Somali President Mohamed Abdullahi Farmajo has declared a “national disaster” due to severe drought in the country.
A statement from the presidency issued on Tuesday said the declaration was ‘‘to deal with the humanitarian emergency in all areas affected by the current drought.”
“The president has appealed to the international community to urgently respond to the calamity in order to help families and individuals to recover from the effects of the drought disaster to avoid humanitarian tragedy,” the statement read.
Aid agencies say the drought has left some three million in crisis across Somalia.
Somalia has been at risk of its third famine in 25 years.
The World Health Organization (WHO) on Monday warned against the recurrence of famine that left 260,000 people starved to death across the country in 2011.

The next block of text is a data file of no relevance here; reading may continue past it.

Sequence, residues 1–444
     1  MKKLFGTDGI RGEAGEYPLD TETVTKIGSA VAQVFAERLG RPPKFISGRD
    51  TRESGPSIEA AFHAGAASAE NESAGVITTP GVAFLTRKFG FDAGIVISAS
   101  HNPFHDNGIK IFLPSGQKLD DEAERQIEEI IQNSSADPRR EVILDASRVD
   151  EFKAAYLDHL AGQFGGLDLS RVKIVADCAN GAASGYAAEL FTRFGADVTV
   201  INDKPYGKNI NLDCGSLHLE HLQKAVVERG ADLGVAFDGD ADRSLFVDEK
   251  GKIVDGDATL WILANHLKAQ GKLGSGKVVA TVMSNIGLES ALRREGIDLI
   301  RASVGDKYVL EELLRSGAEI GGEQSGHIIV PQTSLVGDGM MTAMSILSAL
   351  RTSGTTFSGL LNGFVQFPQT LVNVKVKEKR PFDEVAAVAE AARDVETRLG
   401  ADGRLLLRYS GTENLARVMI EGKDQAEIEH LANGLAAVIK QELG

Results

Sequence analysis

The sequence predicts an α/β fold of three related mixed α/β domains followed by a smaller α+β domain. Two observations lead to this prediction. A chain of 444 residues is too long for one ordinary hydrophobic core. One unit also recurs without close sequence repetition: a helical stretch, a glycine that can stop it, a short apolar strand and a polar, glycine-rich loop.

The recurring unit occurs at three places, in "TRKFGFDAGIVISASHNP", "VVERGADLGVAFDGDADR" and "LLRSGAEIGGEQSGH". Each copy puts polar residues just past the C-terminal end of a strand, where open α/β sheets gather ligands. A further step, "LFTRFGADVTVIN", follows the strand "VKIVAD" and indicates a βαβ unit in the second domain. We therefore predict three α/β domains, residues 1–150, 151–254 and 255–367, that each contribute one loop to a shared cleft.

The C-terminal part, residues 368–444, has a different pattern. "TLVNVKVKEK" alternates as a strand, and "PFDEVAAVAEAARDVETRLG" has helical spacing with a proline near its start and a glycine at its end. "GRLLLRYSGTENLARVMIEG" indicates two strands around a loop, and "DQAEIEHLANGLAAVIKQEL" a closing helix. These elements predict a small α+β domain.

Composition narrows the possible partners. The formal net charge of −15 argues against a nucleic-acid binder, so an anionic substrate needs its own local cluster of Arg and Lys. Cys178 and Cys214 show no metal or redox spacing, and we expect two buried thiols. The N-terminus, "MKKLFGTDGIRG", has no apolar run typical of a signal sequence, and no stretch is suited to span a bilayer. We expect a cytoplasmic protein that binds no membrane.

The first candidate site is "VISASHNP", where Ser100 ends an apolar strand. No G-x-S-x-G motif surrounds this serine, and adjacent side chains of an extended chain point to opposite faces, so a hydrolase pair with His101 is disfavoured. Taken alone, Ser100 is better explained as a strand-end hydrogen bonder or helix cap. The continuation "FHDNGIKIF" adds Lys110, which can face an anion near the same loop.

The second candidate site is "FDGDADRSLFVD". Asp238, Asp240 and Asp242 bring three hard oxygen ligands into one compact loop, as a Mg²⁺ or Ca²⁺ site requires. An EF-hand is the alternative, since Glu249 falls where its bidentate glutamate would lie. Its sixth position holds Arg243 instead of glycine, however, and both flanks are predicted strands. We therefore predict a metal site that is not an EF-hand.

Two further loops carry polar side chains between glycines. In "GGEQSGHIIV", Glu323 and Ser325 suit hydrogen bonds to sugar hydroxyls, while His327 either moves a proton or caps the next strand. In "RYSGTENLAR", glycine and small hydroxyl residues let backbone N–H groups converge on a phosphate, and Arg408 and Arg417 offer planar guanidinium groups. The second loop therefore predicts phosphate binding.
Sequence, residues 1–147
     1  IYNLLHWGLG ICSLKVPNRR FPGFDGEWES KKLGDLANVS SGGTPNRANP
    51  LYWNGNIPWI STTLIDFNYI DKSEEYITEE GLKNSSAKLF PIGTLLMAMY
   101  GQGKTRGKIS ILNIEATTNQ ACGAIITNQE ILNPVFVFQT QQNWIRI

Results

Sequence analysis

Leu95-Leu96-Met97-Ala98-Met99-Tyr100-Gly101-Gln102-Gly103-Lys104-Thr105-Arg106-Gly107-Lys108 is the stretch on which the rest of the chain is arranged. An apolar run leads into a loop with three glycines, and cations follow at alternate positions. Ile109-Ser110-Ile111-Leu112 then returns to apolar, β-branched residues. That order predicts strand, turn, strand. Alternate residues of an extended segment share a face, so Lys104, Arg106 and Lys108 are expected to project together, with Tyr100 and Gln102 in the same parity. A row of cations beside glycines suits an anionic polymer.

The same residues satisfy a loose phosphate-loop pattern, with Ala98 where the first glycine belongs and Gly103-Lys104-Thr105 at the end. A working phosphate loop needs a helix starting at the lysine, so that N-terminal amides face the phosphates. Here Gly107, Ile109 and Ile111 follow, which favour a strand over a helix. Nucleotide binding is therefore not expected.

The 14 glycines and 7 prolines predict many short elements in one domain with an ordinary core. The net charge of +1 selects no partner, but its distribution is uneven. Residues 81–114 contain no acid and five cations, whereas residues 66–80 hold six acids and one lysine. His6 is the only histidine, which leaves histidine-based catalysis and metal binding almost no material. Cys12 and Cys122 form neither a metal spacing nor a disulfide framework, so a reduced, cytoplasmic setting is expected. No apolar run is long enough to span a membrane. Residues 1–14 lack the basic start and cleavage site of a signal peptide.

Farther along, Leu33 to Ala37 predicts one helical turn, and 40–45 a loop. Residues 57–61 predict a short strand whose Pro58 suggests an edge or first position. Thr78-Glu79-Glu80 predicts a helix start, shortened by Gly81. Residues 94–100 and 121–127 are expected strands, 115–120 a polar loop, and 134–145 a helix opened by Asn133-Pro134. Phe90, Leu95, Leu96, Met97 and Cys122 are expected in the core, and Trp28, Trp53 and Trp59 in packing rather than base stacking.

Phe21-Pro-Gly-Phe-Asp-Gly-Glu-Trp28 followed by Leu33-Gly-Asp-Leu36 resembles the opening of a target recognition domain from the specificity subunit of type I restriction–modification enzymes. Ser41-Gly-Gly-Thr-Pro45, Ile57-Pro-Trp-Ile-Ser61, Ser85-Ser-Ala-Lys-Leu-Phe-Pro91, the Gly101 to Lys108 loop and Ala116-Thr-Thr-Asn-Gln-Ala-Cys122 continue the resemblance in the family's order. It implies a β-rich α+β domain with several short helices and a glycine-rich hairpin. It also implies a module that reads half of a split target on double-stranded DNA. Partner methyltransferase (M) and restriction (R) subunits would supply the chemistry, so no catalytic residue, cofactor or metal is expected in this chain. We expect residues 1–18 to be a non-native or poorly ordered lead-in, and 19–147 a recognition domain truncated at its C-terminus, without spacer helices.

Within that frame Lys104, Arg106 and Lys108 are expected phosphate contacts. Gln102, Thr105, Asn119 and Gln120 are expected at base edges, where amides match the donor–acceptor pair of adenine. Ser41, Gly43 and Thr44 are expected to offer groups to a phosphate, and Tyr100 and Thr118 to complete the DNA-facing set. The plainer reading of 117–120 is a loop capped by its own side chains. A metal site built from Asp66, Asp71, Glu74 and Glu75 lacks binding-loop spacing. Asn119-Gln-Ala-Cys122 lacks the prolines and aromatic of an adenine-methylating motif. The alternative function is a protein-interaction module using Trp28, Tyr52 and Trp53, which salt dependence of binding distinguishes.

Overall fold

The agency has said more than 6.2 million people need urgent humanitarian aid, including almost three million who are going hungry.
According to the WHO, over 363,000 acutely malnourished children and 70,000 severely malnourished children need urgent, life-saving support.
In addition, the drought has led to a spread of acute, watery diarrhea, cholera and measles across various regions of Somalia. Some 5.5 million people are at risk of contracting waterborne diseases.
The United Nations Children’s Fund (UNICEF) recently warned that some 1.4 million children suffering from severe malnutrition could die this year from famine in Nigeria, Somalia, South Sudan and Yemen.
Somalia is one of three countries, along with Yemen and Nigeria, on the verge of famine, which has already been declared in South Sudan. Overall, more than 20 million people face starvation in the four countries.
By Africafrique and agencies